Millions of drivers could be breaking the law when it comes to travelling with dogs - and it might lead them to fines of up to £5,000.
Research conducted by the UK's largest independent road safety charity, IAM RoadSmart, has revealed that 42 per cent of dog owners surveyed put their dog in an unsafe place in the car while driving. With around 36 million licence holders in the UK and approximately 12 million dogs, these survey figures represent a huge amount of risk taking on UK roads.
Of the 42 per cent of dog owners admitting to not taking enough care, over a third said they left their pet unrestrained in the car, either in the back seat, the passenger seat, the footwell or loose in the boot. A further 8 per cent said they left their dog restrained on the passenger seat, which could lead to a pet being killed or badly injured in a collision if the airbag is activated, even at relatively low speed.
The Highway Code states dogs must be suitably restrained when travelling in a car so they cannot distract the driver or cause injury to either themselves or the motorist. And while disobeying the Highway Code doesn't carry a direct penalty, drivers could be pulled over by police and fined up to £1,000 for driving without proper control if their pet distracts them.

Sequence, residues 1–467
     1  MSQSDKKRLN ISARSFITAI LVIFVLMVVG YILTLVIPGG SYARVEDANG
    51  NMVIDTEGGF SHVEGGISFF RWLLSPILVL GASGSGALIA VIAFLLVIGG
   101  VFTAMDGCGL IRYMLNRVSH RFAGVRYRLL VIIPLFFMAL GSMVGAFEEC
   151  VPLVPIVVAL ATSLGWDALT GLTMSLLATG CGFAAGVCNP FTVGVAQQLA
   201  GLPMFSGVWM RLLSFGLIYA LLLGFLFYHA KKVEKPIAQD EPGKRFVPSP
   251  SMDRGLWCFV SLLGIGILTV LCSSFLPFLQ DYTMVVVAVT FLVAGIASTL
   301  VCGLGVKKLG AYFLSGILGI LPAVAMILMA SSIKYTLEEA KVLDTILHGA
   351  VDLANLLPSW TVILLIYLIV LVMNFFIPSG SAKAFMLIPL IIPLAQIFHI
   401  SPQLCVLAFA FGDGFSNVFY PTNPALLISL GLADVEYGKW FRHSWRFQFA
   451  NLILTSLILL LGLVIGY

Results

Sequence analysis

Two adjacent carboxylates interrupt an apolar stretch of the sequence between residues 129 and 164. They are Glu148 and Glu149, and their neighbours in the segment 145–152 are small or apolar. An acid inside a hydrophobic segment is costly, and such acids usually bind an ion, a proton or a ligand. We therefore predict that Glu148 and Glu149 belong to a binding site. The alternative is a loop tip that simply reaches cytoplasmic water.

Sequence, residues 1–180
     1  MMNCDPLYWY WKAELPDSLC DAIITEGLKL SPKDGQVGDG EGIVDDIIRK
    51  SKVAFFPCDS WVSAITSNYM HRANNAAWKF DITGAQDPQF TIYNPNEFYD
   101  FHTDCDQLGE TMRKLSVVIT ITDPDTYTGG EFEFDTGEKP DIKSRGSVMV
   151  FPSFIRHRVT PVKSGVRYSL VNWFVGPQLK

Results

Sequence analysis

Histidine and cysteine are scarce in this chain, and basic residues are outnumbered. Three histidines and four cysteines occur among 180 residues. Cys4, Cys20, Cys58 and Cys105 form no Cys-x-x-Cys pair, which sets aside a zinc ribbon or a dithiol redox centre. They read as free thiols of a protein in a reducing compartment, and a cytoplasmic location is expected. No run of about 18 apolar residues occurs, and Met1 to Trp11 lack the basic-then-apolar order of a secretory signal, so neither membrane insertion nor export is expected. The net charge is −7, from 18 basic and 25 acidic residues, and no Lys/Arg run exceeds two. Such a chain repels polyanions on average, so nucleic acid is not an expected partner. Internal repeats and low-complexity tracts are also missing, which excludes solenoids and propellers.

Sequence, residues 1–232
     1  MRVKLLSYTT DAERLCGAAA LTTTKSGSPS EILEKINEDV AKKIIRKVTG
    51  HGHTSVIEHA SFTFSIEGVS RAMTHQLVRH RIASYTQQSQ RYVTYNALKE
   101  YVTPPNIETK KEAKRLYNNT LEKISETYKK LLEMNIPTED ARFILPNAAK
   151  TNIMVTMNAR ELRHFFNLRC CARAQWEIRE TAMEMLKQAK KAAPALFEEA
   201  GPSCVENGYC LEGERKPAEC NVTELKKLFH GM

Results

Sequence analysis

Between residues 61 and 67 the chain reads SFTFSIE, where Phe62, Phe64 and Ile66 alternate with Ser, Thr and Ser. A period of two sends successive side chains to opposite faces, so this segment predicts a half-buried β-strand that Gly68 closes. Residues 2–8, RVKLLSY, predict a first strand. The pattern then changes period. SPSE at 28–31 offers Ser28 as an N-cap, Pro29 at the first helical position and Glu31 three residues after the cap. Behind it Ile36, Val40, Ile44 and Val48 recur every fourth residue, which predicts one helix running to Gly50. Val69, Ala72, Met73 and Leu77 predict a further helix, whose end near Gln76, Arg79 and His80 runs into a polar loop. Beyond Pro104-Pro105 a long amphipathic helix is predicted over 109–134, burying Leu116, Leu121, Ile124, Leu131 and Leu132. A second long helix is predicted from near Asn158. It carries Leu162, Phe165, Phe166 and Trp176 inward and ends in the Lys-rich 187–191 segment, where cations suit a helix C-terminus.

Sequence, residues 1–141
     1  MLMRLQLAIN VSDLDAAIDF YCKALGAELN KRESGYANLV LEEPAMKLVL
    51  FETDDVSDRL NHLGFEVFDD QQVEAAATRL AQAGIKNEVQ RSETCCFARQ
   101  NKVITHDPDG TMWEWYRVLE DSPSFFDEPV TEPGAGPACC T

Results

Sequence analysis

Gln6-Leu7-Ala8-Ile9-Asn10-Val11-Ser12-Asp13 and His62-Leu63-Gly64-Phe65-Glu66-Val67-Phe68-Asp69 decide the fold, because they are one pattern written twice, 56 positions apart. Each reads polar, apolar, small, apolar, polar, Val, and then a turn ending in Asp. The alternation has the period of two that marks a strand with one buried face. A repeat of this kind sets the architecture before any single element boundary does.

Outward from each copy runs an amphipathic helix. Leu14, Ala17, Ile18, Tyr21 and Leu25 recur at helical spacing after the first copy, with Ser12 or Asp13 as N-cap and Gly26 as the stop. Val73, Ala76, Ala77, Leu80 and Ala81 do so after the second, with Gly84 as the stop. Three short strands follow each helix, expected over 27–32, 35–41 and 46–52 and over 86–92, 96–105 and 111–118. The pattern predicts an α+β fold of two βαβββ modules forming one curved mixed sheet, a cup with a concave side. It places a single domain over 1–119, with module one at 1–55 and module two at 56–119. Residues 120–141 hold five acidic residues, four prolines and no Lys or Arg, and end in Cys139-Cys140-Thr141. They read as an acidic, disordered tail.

This could be escalated to failing to drive with due care and attention, which carries a maximum fine of £5,000 and nine penalty points if the case goes to court. To make matters worse, insurers are unlikely to pay out for an accident in the event of driving without proper control, leaving the motorist with a sizeable damage repair bill.
Neil Greig, Director of Policy and Research at IAM RoadSmart, said: “Motorists can restrain their pets by using a dog crate, dog harness or a dog guard for the car’s boot. This ensures dogs are not allowed to roam free inside the car, removing any chance of drivers getting into hot water with the law. A loose pet also becomes a lethal projective in the event of a sudden crash.
“Dogs are a loved and valued member of the family in millions of households up and down the country, meaning their safety when travelling should be thought about in the same way as the safety of all passengers in your vehicle.”